AMES, Iowa -- In his angry campaign speeches, John Edwards vows to fight as president for millions of ordinary Americans whose futures are threatened by "corporate greed." But it's his own future that is in jeopardy right now.
Edwards has his back to the wall in tomorrow night's Iowa caucuses, the first voter test of the 2008 campaign. Unlike Sens. Hillary Rodham Clinton and Barack Obama, his rivals in a three-way battle for first place, he's pouring almost everything into this state.
Without an Iowa victory, Edwards advisers have privately acknowledged, his chances of winning the Democratic nomination could all but disappear.
Yesterday, the former senator launched a final 36-hour marathon bus tour across the state, drawing on personal connections to Iowa voters that he formed in 2004, when he came within an eyelash of beating Massachusetts Sen. John Kerry on caucus night. Edwards wound up as Kerry's running mate.
"This is very personal to me," Edwards says, with emphasis, at every campaign stop. "Very personal."
The refrain refers to his modest upbringing in a North Carolina mill town, which he points to as he makes the case that he is the only candidate who will fight corporate interests and their lobbyists in Washington without compromise.
But the "personal" line also could refer to the reason he's got a fighting chance of winning here. He's spent the past four years tending to his Iowa supporters, and many are sticking with him.
"He worked closely with legislators in 2004 and really built a network through those folks that never went away," said Dave Schrader, the former Democratic leader of the Iowa House. "He's got a real advantage through that."
Elizabeth Edwards' diagnosis with an inoperable form of cancer last year added a highly emotional dimension to the relationship with Iowans. Edwards' wife of 30 years has long been his most effective campaign surrogate, and many Iowans reacted to news of her illness as if a close friend had been stricken.
Along with their two young children, she has campaigned aggressively for her husband, introducing him at a New Year's Day rally on the Iowa State University campus with the closing theme of his pre-caucus push: "electability."
Pointing to national polls, she argued that Edwards would be the Democrats' strongest candidate in the fall presidential election by making the national ticket competitive again in the "red" states of the South and Southwest.
He seconded her remarks, telling a crowd of about 400 that "the corporate greed and corporate power, and their iron-fisted grip on your democracy that [is] stealing your children's future and ... destroying the middle class, [is] not just doing it to Democrats. It's doing it to independents. It's doing it to Republicans. [And] there is no place in America that I can't go and talk about this."
Elizabeth Edwards also stars in a new campaign commercial that makes a powerful, if subtle, link to family tragedies, which included the death of the couple's teenage son in a 1996 car accident.
"It's unbelievably important," she says in the TV ad, "that in our president we have someone who can stare the worst in the face and not blink."
But unless he comes out on top in the Iowa caucus contest, Edwards' chances of getting the nomination could melt away quickly. He's running third in New Hampshire polls, and without a boost from winning Iowa, he's unlikely to win there, further straining his campaign's limited resources.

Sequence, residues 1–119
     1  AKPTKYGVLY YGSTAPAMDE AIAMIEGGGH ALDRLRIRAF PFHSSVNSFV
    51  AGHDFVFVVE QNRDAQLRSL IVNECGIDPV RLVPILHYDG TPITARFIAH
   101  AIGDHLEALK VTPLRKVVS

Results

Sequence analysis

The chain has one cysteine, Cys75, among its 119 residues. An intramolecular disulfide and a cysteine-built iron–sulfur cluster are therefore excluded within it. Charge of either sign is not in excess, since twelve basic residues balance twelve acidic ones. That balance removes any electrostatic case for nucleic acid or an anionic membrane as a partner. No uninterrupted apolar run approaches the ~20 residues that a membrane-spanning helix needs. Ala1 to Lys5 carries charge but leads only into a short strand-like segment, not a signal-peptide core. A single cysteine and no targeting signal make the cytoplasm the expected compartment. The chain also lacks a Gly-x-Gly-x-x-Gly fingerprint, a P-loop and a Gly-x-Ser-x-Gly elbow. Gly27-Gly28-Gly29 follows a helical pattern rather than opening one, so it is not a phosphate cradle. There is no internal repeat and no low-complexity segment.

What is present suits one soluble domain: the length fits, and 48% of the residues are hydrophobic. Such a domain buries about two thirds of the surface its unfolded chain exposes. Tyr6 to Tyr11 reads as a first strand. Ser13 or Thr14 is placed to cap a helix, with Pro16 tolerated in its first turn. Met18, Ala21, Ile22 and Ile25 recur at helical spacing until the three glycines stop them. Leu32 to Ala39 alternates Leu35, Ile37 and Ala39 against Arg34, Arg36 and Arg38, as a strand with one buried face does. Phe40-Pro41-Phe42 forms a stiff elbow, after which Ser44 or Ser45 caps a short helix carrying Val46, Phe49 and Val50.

Clinton and Obama have outraised him by a wide margin, while Edwards was forced to fall back on public matching funds for his campaign. That puts him at a competitive disadvantage, though he's getting lots of help from an outside group, run by his former campaign manager, whose pro-Edwards TV ads, critics say, undercut the former senator's claims to be a political reformer.
Recent Iowa polling shows Edwards running third, but the peculiar rules of the caucuses could help him win. Polls also indicate that he has more support than Obama and Clinton in rural areas, which get weighted more heavily in the statewide tally than urban areas.
Edwards also could gain as Democrats go through the complex caucus process in nearly 1,800 precinct meetings. Candidates who get less than 15 percent are deemed not "viable," and their supporters must choose another candidate, declare themselves uncommitted, or go home.
Patricia Calkins, 49, a teacher at Simpson College in Indianola, said she's going to vote for Sen. Christopher J. Dodd of Connecticut, "who is not going to make it." Edwards will be her second choice, because "he has a better handle on the domestic problems of the country," she said, unless Sen. Joseph R. Biden Jr. of Delaware is viable in her precinct.
A recent Los Angeles Times/ Bloomberg poll of likely caucus-goers showed Edwards with the most second-choice support, though a new Des Moines Register poll found no second-choice advantage for any candidate.
Another unusual factor that might help Edwards: tactical voting. Iowa activists, who follow candidates the way avid sports fans track their favorite team, are well aware of their clout in picking a nominee and often act accordingly.
Ed Dobelis, 51, of Ogden likes Obama's "vision" but knows that Edwards badly needs help.
"If Edwards doesn't get [an Iowa victory] this time, I think he'll be done, and I believe he deserves a shot," said the high school teacher, who plans to back Edwards. "He's been through two campaigns now. How many more can he go through?"